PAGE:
skip to main text

Global News Red-hot ocean carrier profits face cooling volumes

Registration dateJUN 29, 2022

Greg Knowler, Senior Europe Editor Jun 17, 2022 12:53PM EDT
source : (The Journal of Commerce)

Greg Knowler, Senior Europe Editor
Jun 17, 2022 12:53PM EDT
source : (The Journal of Commerce)

Continued US import growth points to summer port congestion Continued US import growth points to summer port congestion Global container volume is expected to drop 1.7 percent in 2022 as demand weakens in major import markets.
Photo credit:

The container shipping industry is enjoying its highest-ever profitability after carriers banked record first-quarter earnings, but a new trade forecast shows a softening in global volumes that will continue into next year.

Global Trade Analytics Suite (GTAS), a product within S&P Global, the parent company of, has forecast that global container volumes in 2022 will decline 1.7 percent year over year to 165.4 million TEU. In absolute volume numbers, it is a steep drop from the 168.2 million TEU transported in 2021 when the year-over-year growth reached 7.9 percent.

A slowdown in global volumes can also be seen in the retrospective view of the market from Container Trades Statistics (CTS), which shows volumes this year through April down 3.6 percent from the same period a year ago. After rising 1.4 percent in January, global volumes fell for the next three months, plunging 9 percent in April alone.

Niels Rasmussen, chief shipping analyst at maritime trade association BIMCO, said signs of weakening volumes were becoming more apparent, especially in Europe, as the global economy slowed. The International Monetary Fund (IMF) in April lowered its January forecast for global GDP growth from 4.4 percent to 3.6 percent for 2022 and from 3.8 percent to 3.6 percent for 2023.
“In the Europe and the Mediterranean region, consumers have reported the second-lowest confidence level on record,” Rasmussen noted. “As in the US, retail sales have remained remarkably steady from April 2021 to March 2022. It does, however, seem reasonable to expect that the low consumer confidence level will eventually hurt retail sales, especially if or when interest rates also increase.”

The US Federal Reserve this week hiked interest rates 0.75 percent, the biggest upward move it has made during a single meeting in 28 years. US inflation has risen to its highest level since the 1980s.

While there is a slowing of container volumes overall, US imports from Asia set a new monthly record in May, according to data from PIERS, a sister company within S&P Global. Asian imports totaled almost 1.74 million TEU last month, up 5.7 percent year over year and a huge 25.1 percent jump from pre-pandemic May 2019.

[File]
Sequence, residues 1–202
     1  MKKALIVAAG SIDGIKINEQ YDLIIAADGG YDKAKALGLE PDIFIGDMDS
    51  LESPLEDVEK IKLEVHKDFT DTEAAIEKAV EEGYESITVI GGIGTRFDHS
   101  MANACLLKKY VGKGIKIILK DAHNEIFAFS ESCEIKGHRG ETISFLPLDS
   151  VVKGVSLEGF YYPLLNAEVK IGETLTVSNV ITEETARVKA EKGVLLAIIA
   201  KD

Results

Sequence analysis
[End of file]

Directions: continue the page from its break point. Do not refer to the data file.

North European import volumes from China are heading in the opposite direction. May figures for China-North Europe volumes are not yet available, but in the first four months of the year, volume declined 3.8 percent to 2.53 million TEU, CTS data shows. The drop can be partly blamed on the two-month Shanghai COVID-19 lockdowns, with May data likely to reveal a clearer picture of European import demand. Volumes ease, but no slowdown in profits For now, however, carriers are surfing a tsunami of profitability. In the first quarter, elevated rate levels across the major trade lanes saw carriers report combined earnings before interest and taxes (EBIT) of $43.93 billion, higher than the combined Q1 EBIT of the last 11 years, according to Sea-Intelligence Maritime Analysis.

The high rates through the first quarter saw HMM and Zim Integrated Shipping Services record the highest EBIT per TEU of over $2,600/TEU, followed by CMA CGM, ONE, and Hapag-Lloyd in the $1,400 to $1,900 /TEU range, and Maersk and Cosco Shipping in the $1,000 to $1,200/TEU range, Alan Murphy, CEO of Sea-Intelligence, wrote in his latest Sunday Spotlight newsletter.

“Putting it into perspective, even in Q1 2021, no carrier had recorded an EBIT per TEU of over $1,000, whereas in the previous decade, the highest EBIT per TEU was $213, and that was back in 2010,” Murphy noted.

Following the first-quarter earnings announcements, the CEOs of several major carriers told analysts their profitability for 2022 and beyond has been locked in through long-term contracts already signed at significant premiums, despite falling prices on both the trans-Pacific and Asia-Europe trade lanes.

Spot rates on the Asia-US West Coast trade fell below contract rates at the beginning of June, although the rate of $7,517 per FEU is still up 17 percent year over year, according to rate benchmarking platform Xeneta. The long-term rate of 90 days of more of $7,852/FEU is 45 percent higher than the same week last year.

Spot rates on the Asia-North Europe trade are down 30 percent since January to $5,942/TEU, but the rate is still slightly above the year-over-year level, Xeneta data shows. Contract rates on Asia-North Europe are not far behind the spot market at an average of $5,531/ TEU.

The carrier executives also dismissed suggestions from analysts that rate levels could tumble as the record 6.6 million TEU of capacity on order, or 26.7 percent of the existing fleet, was delivered over the next two years.
· Contact Greg Knowler at and follow him on Twitter : @greg_knowler.